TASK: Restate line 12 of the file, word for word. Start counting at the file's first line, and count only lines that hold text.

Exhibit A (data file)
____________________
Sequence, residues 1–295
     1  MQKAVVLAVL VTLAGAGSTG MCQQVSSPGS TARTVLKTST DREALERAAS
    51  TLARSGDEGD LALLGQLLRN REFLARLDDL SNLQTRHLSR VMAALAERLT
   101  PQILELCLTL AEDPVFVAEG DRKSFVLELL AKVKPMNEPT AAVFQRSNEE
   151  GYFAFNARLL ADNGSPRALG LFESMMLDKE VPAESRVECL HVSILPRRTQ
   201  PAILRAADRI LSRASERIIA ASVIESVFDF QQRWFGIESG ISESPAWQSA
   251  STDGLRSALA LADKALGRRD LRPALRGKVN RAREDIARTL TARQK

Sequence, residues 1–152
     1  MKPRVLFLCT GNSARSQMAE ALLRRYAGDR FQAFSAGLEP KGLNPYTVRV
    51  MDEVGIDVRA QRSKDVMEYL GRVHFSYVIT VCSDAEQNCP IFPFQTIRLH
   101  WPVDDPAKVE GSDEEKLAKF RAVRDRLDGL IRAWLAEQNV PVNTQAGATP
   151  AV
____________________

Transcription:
   151  AV